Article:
36 And he charged them that they should tell no man: but the more he charged them, so much the more a great deal they published it;
37 And were beyond measure astonished, saying, He hath done all things well: he maketh both the deaf to hear, and the dumb to speak.
Mark 7 Intro – J. Vernon McGee
Mark 7:1-4 – J. Vernon McGee
Mark 7:5-17 – J. Vernon McGee
Mark 7:18-37 – J. Vernon McGee
Mark 7:1-23 – Breaking the Bonds of Tradition
The Pharisees laid great stress on ritual. They followed endless rules, both intricate and troublesome, as to ablutions and outward ceremonials. So long as their devotees were careful in the minor observances, they were permitted a wide license so far as the weightier matters of the Law were concerned. This is a natural tendency of the human heart. It is glad to be able to reduce its religious life to an outward and literal obedience, if only its thoughts may be unhampered. In the life of true holiness everything depends on the control of the thoughts. “As he thinketh in his heart, so is he” (Proverbs 23:7). With infinite wisdom the wise man said (Proverbs 4:23), “Keep thy heart with all diligence; for out of it are the issues of life”, and Jesus put “evil thoughts” first in the black category of the contents of the evil heart (Matthew 15:19; Mark 7:21). A gang of thieves sometimes put a very small boy through a tiny window that he may unlock the front door. So one evil thought will often admit an entire crew of evil. Heart of mine, hast thou learned this lesson? Art thou careful enough of thy cleanliness? That the hands should be often washed, that vessels of household use should be kept cleansed, that there should be decorum and neatness in the outward life, all these customs are good. But it becomes thee to inquire whether thou art not more eager for the outward than the inward cleanliness. “Create in me a clean heart,” should be thy constant prayer (Psalm 51:10). —Through the Bible Day by Day
There is need that we should remember two or three things in respect to food.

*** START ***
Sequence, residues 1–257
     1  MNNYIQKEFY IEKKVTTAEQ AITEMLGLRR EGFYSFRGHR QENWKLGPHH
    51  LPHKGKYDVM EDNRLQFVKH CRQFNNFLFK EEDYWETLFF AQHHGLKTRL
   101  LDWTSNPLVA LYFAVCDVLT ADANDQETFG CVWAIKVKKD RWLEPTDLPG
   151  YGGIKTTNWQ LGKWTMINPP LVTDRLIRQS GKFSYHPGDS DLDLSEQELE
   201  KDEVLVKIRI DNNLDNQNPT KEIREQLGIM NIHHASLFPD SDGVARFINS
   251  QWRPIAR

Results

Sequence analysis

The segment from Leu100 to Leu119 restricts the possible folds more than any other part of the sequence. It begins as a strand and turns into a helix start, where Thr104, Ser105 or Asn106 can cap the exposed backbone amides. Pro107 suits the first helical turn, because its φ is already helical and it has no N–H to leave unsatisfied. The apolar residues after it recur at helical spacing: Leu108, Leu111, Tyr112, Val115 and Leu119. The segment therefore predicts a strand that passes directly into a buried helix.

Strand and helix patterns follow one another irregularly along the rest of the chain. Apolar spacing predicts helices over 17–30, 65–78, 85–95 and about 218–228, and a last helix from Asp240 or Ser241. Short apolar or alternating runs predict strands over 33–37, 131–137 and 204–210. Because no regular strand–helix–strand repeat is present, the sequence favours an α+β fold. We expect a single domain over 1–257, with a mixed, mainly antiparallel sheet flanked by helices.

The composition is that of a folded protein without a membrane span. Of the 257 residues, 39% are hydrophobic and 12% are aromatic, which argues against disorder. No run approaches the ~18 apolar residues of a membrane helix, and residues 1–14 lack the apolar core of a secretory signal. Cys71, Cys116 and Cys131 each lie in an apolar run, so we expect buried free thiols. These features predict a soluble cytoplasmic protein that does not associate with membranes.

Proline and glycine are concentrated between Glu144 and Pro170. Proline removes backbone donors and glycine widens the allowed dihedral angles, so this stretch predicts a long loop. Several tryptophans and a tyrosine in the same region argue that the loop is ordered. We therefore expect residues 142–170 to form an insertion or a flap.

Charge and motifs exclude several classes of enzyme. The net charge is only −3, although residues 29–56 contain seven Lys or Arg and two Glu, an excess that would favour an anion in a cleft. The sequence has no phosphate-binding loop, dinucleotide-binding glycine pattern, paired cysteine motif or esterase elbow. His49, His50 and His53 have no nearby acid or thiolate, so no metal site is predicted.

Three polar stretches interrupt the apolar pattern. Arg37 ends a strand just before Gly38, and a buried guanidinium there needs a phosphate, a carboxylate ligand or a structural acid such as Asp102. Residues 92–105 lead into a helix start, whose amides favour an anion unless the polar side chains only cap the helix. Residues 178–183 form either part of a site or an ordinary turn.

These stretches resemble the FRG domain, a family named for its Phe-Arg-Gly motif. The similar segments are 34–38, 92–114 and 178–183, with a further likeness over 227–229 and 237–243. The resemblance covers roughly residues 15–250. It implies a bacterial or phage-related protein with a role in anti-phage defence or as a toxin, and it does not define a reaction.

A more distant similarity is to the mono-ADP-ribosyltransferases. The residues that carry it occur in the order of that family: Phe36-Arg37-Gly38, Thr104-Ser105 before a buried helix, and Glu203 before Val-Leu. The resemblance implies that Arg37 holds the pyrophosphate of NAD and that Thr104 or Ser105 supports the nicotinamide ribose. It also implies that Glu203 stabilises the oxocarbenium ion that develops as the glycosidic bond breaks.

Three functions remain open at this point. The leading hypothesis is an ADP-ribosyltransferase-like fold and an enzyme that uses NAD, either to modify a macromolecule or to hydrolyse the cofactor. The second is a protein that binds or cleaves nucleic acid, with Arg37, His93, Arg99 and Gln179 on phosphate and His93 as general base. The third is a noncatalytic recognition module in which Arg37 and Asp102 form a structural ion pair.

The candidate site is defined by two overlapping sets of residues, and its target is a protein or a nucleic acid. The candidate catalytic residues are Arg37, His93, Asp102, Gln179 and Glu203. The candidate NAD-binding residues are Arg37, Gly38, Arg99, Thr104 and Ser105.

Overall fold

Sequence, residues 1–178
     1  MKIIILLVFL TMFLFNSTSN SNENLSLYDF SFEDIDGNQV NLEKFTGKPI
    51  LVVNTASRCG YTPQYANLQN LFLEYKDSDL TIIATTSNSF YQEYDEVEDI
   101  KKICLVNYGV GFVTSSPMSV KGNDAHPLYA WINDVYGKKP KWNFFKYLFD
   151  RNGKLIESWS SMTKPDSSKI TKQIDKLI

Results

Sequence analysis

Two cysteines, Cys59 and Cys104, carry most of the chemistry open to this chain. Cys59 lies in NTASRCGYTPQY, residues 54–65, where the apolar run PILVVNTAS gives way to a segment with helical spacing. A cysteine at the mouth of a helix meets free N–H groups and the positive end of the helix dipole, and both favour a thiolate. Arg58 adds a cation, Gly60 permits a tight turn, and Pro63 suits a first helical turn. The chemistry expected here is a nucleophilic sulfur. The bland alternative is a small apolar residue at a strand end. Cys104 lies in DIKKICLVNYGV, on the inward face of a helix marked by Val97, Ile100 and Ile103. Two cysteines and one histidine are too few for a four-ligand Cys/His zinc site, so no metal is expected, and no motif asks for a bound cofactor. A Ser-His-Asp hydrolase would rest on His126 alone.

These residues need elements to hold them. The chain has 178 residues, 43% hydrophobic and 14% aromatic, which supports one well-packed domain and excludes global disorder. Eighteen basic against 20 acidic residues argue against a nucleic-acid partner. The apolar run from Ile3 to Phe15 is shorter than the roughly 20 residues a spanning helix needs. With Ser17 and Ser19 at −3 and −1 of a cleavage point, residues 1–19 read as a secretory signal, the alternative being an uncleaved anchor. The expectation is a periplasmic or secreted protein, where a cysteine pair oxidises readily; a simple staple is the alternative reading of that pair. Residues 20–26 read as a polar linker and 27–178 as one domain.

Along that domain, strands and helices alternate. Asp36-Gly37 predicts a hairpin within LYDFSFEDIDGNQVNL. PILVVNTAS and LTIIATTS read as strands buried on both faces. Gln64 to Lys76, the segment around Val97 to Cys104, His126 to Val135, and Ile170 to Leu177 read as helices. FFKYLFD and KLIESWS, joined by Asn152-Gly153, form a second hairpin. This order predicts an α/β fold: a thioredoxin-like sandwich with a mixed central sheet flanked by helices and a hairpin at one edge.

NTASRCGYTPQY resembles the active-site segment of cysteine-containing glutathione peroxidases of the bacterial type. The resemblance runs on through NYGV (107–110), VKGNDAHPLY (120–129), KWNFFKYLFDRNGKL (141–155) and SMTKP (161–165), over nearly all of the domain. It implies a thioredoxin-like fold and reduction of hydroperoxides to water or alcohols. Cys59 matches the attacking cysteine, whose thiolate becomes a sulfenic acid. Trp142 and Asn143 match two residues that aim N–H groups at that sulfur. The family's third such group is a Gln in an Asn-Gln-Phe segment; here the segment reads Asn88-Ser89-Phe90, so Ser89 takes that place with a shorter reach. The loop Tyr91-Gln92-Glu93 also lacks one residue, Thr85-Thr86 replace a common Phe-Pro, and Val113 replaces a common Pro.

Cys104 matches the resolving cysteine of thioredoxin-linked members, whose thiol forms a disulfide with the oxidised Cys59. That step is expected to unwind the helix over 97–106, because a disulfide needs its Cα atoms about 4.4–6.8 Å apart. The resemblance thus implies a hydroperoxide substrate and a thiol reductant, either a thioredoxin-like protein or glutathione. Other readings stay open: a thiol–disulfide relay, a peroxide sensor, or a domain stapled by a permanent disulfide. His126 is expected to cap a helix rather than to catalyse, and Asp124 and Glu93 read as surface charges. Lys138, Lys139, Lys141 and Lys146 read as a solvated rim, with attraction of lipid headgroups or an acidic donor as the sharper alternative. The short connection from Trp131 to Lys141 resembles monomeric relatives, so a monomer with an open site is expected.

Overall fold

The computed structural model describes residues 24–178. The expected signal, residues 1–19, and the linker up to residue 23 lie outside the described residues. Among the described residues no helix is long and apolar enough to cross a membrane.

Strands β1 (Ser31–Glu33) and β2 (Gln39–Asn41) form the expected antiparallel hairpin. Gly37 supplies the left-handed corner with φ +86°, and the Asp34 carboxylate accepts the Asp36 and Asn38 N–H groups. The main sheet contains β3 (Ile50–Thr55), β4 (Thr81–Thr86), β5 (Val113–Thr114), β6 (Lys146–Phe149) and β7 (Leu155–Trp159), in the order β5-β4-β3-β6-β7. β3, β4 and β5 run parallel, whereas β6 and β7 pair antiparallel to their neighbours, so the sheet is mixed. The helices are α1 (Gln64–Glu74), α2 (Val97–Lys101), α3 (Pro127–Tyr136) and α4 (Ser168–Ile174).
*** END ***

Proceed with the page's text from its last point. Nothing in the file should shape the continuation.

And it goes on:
(1) That food should be received with thanksgiving.
(2) Take care to eat for the need of the body rather than for its pleasure.—There are a great many dainties and luxuries heaped on our tables which we take simply for the pleasure of eating. It is here that we are assailed with temptation, and need to be on our guard. The fact of food being pleasant eating is not in itself sufficient to justify our taking it. It may clog our digestion, and impair our power for thought and prayer and service.
(3) Be moderate in the amount you eat.—Quite as many over-eat as over-drink. We should always have the girded loin. The majority of the diseases of modern life have been traced to the habit of eating to excess. We are told by eminent authorities that we ought not to rise from the table with the sense of having eaten to the full. Let your moderation in this also be known to all men. —Our Daily Homily
Mark 7:24-37 – A Mother’s Faith Rewarded
Before faith can be fully exercised we must take the right attitude toward Christ. His mission at that time was to the Jewish people; they were the children. This woman had no claim as a child, and the question was whether she was prepared to take the lower place. It is the humble soul that has power with God, and when she showed herself prepared to put Jesus in His place as Lord, and to take her own place as willing to accept the children’s crumbs, the Lord was able to put the key of His treasure house into her hand and bid her have her desire. Faith can wring blessing from an apparent negative, and use what might seem to be a rebuff to open God’s treasuries.
In the following miracle, notice that upward look, that sigh, and that touch. These are the conditions of all successful religious work, and it is a great encouragement to faith that our Lord Himself knew what it was by a look to draw down the mighty power of God. That upward look may be ours when it is impossible to kneel for prolonged prayer. When we stand in the light of eternity, we also shall say, as our Lord’s contemporaries did, “He hath done all things well.” —Through the Bible Day by Day
Mark 7:34 – Too often we sigh and look within: Jesus sighed and looked without. We sigh, and look down; Jesus sighed, and looked up. We sigh, and look to earth; Jesus sighed, and looked to heaven. We sigh, and look to man; Jesus sighed, and looked to God! (Stork)